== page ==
New York University's independent student newspaper, established in 1973.

Washington Square News

New York University's independent student newspaper, established in 1973.

Washington Square News

New York University's independent student newspaper, established in 1973.

Washington Square News

Unpopular Opinions: Directors


The director: the artistic visionary behind the camera responsible for breathing life into the motion picture. Some — like Jean-Luc Godard, Federico Fellini and Alfred Hitchcock — are labeled auteurs for their roles as authors of a film and their distinctive cinematic style. Others are labeled actor’s directors for their desire to understand the performer’s motivation and creative process. No matter the category a director falls into, there are always those who garner too much attention and those who don’t garner enough. This is Unpopular Opinions: Directors edition.


Warren Beatty
Daniella Nichinson, Arts Editor

When thinking of the greatest directors of all time, the mind tends to gravitate to Martin Scorsese, Orson Welles, Federico Fellini, Alfred Hitchcock and the likes. Rarely does the name Warren Beatty come into conversation. The tall, charming and gorgeous star began his Hollywood pilgrimage as an actor. But, like any actor, what he really wanted to do was direct. His first behind the camera experience came as the co-writer of “Shampoo,” a film about sexual politics on the eve of Nixon’s election. From there, he went on to write, direct and produce “Heaven Can Wait,” which focused on a star football player for the Los Angeles Rams killed in an auto accident and placed in the body of a corrupt millionaire. It wasn’t until 1981 that Beatty’s magnum opus came to fruition: “Reds.” A nearly three-and-a-half hour long epic, “Reds” tells the true story of journalists John Reed and Louise Bryant — their love affair, excursions into Russia during the 1917 Revolution and their attempts to bring socialism to the United States. Beatty slaved over this film for decades, originally conceiving the idea in the early ‘60s. “Reds” is a gorgeous, challenging and brutal masterpiece that conveys the importance of Beatty’s work as a filmmaker, not just an actor. He shares stories that deserve to be seen on the silver screen and that ask provocative questions. His films do not take the audience by the hand and lead them through the story; instead, they urge viewers to arrive at their own moral conclusions and pontificate on what they see. In a career spanning more than six decades, Beatty has made few films relative to his contemporaries. But quality triumphs over quantity, and as such, the name Warren Beatty should be synonymous with true greatness.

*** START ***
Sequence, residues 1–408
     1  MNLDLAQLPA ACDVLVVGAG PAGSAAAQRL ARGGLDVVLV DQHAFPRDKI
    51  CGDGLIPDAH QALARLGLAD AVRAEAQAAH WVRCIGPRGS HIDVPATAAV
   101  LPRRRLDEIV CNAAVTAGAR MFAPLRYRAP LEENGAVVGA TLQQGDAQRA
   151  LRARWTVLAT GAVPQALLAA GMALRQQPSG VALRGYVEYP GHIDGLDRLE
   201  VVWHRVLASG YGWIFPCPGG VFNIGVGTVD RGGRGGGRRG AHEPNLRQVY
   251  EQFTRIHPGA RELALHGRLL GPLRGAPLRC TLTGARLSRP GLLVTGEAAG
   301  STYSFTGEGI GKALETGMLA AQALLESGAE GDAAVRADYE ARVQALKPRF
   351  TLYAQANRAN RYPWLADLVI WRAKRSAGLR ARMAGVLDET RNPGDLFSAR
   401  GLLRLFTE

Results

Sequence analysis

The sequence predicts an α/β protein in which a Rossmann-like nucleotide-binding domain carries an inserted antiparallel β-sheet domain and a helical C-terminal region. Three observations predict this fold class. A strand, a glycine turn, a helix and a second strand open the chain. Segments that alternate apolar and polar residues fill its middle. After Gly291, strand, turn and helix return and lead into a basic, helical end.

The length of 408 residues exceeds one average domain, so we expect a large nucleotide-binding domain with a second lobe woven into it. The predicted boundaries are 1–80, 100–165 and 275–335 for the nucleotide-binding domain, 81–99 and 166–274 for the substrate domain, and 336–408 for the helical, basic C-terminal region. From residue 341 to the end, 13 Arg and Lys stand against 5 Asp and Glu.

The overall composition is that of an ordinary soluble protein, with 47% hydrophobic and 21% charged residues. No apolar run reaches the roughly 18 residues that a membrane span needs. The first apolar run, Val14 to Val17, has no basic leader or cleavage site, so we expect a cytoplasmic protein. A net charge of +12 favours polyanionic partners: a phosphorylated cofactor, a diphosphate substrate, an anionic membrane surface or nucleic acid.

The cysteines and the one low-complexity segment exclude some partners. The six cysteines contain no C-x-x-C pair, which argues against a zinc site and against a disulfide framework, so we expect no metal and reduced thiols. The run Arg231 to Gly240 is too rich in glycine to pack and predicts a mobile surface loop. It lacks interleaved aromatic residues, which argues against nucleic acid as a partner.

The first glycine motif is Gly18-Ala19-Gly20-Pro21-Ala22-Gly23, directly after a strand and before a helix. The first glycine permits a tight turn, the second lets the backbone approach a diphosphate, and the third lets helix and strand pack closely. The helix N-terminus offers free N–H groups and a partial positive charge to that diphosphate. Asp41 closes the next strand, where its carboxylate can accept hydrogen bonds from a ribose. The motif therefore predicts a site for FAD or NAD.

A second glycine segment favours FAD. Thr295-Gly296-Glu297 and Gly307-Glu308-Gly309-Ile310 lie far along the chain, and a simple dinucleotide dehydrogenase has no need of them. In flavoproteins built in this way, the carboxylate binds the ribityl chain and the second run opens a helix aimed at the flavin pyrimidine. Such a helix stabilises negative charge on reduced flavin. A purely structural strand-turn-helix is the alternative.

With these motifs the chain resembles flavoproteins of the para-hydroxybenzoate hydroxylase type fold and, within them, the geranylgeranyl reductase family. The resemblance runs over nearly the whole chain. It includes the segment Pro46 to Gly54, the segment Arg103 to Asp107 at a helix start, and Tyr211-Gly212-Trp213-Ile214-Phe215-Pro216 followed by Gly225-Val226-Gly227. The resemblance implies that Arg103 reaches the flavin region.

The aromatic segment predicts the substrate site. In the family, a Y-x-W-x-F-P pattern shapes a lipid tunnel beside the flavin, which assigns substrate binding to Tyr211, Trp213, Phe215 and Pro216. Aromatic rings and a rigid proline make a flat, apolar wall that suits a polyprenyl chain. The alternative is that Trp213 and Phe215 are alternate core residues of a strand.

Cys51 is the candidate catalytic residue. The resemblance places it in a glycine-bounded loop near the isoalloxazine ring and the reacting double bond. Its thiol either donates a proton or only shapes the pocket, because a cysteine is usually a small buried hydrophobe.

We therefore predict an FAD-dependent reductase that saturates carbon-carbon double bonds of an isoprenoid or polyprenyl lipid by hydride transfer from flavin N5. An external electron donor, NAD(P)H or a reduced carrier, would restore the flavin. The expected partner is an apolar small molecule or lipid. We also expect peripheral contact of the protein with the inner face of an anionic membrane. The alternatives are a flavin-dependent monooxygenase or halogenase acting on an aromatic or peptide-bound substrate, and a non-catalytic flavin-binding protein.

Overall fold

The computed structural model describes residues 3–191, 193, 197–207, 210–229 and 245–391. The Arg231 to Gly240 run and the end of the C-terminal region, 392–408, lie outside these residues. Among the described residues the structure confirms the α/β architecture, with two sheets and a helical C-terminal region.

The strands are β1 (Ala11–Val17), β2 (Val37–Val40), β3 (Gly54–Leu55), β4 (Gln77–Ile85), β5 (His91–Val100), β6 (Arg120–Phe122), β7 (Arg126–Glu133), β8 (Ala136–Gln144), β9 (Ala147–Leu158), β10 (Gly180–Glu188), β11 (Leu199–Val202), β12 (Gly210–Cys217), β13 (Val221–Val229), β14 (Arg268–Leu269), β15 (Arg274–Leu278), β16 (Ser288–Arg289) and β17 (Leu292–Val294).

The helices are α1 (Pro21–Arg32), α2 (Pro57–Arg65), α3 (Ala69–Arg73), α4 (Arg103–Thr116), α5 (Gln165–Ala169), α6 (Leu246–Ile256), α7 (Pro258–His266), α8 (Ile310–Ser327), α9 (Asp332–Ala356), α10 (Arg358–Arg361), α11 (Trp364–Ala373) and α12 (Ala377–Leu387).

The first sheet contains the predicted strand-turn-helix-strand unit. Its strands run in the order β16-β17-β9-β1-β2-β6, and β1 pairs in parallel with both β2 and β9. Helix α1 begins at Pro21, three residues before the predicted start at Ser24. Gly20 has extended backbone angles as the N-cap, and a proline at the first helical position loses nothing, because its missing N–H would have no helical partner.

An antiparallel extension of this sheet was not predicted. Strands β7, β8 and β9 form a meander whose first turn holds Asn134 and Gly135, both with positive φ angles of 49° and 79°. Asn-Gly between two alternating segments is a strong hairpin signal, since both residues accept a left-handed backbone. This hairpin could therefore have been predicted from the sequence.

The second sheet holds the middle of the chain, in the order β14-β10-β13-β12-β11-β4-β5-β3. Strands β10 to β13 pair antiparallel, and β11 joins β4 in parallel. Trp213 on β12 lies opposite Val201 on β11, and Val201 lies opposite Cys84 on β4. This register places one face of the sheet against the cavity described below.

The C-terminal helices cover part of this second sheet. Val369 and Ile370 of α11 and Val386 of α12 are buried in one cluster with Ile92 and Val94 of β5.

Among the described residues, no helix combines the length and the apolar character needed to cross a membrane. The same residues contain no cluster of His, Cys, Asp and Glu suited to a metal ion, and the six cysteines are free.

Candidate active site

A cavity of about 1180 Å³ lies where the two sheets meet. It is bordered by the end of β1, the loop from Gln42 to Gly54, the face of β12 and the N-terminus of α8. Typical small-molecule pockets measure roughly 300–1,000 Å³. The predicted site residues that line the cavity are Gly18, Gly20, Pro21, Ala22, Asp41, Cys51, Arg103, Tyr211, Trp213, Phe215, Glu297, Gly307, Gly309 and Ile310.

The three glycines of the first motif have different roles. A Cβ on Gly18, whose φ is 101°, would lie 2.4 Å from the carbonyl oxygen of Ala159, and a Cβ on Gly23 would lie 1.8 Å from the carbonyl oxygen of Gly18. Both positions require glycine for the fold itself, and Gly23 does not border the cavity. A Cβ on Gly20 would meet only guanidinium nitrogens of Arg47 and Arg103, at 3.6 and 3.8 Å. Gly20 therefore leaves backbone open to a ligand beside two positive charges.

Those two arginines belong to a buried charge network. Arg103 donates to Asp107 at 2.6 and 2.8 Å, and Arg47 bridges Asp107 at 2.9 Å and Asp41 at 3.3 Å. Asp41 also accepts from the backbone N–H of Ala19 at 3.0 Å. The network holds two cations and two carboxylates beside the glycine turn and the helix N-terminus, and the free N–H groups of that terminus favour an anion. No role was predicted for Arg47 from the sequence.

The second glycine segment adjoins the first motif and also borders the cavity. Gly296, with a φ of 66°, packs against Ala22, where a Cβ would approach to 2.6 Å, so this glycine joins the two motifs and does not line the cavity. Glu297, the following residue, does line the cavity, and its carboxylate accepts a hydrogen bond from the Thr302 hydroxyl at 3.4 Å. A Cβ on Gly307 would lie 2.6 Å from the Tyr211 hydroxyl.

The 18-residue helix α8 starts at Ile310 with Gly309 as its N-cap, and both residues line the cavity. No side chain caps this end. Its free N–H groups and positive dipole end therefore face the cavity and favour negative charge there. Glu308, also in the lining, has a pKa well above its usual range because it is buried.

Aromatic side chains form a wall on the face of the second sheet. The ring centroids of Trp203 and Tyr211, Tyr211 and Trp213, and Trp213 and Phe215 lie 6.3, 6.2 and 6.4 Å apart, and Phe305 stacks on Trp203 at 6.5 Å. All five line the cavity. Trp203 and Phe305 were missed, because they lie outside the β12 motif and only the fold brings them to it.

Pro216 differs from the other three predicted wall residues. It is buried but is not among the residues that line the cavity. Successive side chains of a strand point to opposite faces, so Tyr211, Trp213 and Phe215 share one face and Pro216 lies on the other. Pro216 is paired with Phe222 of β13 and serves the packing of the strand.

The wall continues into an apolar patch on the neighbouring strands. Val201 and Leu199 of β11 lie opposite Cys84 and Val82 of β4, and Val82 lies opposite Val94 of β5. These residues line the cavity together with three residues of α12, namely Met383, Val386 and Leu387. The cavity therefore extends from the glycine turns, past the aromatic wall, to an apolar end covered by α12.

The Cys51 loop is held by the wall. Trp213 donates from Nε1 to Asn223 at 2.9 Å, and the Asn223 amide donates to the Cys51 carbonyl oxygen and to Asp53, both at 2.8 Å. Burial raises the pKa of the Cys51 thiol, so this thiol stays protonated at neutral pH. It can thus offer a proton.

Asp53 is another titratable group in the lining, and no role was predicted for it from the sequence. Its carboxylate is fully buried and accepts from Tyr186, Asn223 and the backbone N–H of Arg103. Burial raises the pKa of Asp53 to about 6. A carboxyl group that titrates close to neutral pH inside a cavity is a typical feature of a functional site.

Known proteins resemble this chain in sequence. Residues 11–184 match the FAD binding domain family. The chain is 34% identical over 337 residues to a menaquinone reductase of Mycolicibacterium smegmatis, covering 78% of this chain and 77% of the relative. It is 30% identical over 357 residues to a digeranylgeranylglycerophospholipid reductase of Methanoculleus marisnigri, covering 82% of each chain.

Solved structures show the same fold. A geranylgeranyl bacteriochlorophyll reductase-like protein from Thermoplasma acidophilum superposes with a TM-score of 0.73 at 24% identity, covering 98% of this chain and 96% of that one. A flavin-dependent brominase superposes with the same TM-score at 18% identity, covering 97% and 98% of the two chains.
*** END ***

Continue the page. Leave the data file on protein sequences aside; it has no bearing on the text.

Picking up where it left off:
James Mangold
Guru Ramanathan, Film & TV Editor